History of Fort Clinch

a fort with pentagonal brick walls and numerous building and guns against the backdrop of the ocean.

The entrance to the Cumberland Sound and the St Mary’s River has been of vital importance to the people of Florida for close to 300 years. The first fortifications on the site began in 1736, but it wasn’t until almost a century later that Fort Clinch as we know it today began to take shape.

Following directly after the wide-spread destruction of the War of 1812, the desire to protect the country from other nations in times of conflict grew. The “Third System Fortifications” entailed a series of forts built along the coastline of the United States to defend against foreign invaders. Construction of Fort Clinch began in 1847, with visions of a triumph of masonry and stone built mostly by civilians and the US Army Corps of Engineers to protect the coast of southern Georgia. However, by the outbreak of hostilities at the start of the Civil War, only about two thirds of the fort had been completed, and cannons had yet to be mounted on the walls. At the start of the Civil War the fort came by default under Confederate control, who established fortifications and batteries on Amelia Island and the surrounding area.

As the Union started to gain control of coastal and southern Georgia, General Robert E. Lee gave the order to evacuate, and Union troops arrived in early March of 1862. More work on the fort commenced thanks to Company E of the New York Volunteer Engineers, but it was still not completed by the end of the war, and by 1869 was left empty.

The fort was maintained by the US Army on caretaker status until 1898, when the sinking of the USS Maine sparked the Spanish-American War and the use of Fort Clinch once again as a barracks and ammunitions depot. Fortifications were made to the fort, including the mounting of guns and laying of a minefield outside the walls. Less than a year later hostilities ceased, and again, Fort Clinch was abandoned.

After laying empty for a number of years, the fort was sold by the Army to private entities in 1926 as it was no longer thought to be of strategic value. The years of neglect began to tell on the old brick walls, as pieces crumbled and sand began to pile inside thanks to Atlantic storms. Fortunately, a few people recognized the significance of this historic site, and Fort Clinch became one of the Florida’s first state parks in 1935. The Civilian Conservation Corps (CCC) began restoring the buildings at the fort in 1936 thanks to the New Deal proclamation of then-president Franklin D. Roosevelt, who put thousands of Americans back to work refurbishing the nation’s parks and resources amidst the stagnation of the Great Depression. The CCC Company 1420 who were stationed at Fort Clinch, constructed the museum, campground and park roads as well as removed massive amounts of sand and debris from the fort itself. A new monument to these dedicated servants stands on park grounds today.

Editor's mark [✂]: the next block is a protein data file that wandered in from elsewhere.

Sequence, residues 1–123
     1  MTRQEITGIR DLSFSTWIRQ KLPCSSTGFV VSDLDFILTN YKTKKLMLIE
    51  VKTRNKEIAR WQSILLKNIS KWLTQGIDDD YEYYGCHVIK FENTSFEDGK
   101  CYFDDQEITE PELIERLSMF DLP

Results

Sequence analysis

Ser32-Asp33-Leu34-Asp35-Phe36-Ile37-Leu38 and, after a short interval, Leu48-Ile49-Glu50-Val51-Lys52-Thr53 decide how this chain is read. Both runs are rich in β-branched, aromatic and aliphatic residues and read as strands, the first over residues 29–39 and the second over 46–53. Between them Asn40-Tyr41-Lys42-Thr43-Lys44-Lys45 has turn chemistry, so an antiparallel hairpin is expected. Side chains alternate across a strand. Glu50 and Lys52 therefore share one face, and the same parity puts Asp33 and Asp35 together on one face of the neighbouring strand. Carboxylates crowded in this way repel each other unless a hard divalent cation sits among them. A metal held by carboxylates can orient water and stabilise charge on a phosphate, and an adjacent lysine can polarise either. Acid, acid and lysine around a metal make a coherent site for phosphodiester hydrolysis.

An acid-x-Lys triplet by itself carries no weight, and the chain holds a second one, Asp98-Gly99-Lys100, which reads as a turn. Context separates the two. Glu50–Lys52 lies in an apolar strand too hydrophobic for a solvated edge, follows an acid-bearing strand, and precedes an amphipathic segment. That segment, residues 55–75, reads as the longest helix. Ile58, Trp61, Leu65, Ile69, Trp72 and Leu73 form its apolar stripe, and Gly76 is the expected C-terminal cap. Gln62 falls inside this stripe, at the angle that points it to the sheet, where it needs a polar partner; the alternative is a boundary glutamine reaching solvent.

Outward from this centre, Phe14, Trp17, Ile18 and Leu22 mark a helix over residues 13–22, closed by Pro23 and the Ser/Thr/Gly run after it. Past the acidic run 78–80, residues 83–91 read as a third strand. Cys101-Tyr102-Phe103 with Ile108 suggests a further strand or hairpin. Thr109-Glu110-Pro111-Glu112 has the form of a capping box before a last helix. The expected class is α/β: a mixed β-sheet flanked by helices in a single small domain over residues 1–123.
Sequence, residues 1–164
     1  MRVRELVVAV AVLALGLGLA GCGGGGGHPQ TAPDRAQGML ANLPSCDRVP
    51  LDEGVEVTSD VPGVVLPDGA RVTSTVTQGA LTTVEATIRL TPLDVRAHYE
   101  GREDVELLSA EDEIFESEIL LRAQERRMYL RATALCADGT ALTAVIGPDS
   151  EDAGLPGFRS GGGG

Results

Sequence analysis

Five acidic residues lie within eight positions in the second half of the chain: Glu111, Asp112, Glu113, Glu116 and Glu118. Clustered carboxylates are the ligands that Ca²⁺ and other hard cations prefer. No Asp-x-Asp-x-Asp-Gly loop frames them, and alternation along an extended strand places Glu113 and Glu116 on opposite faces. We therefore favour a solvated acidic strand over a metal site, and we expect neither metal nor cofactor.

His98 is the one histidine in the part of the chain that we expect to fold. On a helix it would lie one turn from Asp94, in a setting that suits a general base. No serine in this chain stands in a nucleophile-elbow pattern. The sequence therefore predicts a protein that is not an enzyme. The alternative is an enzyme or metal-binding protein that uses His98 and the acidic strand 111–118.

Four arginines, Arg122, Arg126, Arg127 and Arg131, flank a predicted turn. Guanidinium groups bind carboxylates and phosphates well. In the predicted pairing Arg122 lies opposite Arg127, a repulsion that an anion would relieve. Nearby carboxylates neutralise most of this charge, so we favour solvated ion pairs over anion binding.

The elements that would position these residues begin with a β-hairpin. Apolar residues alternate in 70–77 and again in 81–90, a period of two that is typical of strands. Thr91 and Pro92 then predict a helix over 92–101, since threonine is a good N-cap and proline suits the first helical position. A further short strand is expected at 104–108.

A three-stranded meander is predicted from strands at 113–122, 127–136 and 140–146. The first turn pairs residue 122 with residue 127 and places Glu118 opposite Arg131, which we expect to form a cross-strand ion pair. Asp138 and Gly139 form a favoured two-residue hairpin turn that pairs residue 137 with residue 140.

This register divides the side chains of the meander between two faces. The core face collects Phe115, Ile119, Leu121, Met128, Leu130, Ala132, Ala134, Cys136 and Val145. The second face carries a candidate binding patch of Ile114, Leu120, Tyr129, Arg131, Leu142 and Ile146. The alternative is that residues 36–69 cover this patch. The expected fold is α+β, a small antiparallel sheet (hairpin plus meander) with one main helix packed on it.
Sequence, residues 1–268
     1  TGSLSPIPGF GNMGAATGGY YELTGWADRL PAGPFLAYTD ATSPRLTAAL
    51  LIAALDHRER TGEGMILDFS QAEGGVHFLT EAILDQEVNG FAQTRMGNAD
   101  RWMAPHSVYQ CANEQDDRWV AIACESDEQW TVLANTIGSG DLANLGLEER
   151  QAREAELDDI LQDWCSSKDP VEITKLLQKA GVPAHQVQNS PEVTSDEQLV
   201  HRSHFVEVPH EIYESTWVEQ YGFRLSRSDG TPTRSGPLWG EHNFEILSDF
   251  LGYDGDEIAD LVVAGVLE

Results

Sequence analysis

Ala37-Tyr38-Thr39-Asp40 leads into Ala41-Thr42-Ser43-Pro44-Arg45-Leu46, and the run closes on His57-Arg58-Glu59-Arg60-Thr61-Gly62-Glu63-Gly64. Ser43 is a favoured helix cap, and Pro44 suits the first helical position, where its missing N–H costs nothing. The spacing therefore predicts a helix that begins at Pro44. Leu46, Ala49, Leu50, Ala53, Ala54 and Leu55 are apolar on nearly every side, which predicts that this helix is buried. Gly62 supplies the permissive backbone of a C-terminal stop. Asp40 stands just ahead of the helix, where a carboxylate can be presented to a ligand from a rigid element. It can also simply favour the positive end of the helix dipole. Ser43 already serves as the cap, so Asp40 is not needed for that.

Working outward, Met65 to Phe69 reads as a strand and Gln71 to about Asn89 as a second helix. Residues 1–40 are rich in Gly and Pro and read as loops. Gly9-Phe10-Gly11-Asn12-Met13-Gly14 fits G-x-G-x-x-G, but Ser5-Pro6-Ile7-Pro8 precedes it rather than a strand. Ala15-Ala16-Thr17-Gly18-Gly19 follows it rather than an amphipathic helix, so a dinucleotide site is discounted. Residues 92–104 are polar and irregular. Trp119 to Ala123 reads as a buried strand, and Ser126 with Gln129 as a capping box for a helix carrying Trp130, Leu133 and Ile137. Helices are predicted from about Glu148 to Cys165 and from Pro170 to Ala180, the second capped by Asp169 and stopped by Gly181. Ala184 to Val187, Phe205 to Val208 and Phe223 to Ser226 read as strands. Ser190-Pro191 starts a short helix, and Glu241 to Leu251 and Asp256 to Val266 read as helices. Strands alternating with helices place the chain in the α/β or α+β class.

During World War II, Fort Clinch served its final mission as a joint operations center for surveillance and communications. At the end of the war it was given back to the state to open to the public. Visitors to the fort today can tour bastions, guard rooms, a prison, barracks, hospital, kitchens and even a blacksmith’s shop, all found inside the brickwork walls and furnished as they would have been during the Civil War and Union occupation. The rooms give off a powerful feeling of history, and helpful volunteers and rangers share the story of what took place here. Staff and volunteers in period uniforms depict daily life in the fort, including everything from bullet-making to sewing. Reenactment events occur year-round, including First Weekend Confederate and Union Garrisons, candlelight tours and larger-scale war reenactments. Exploring the empty hallways and winding staircases of the fort, visitors can feel like they are on an adventure back in time, and is almost possible to hear the voices of these people of the past.

Florida has the distinguished honor of a very long and rich history, replete with the stories of the wars, homes and lives of the people who were once here. Although it was never fully completed or used in direct combat, Fort Clinch served as a military post during three US engagements. It endures as a symbol of our history, as well as the bravery and dedication of the soldiers who stayed here and protected the United States. If you want to truly experience history firsthand, then come experience the story of Fort Clinch.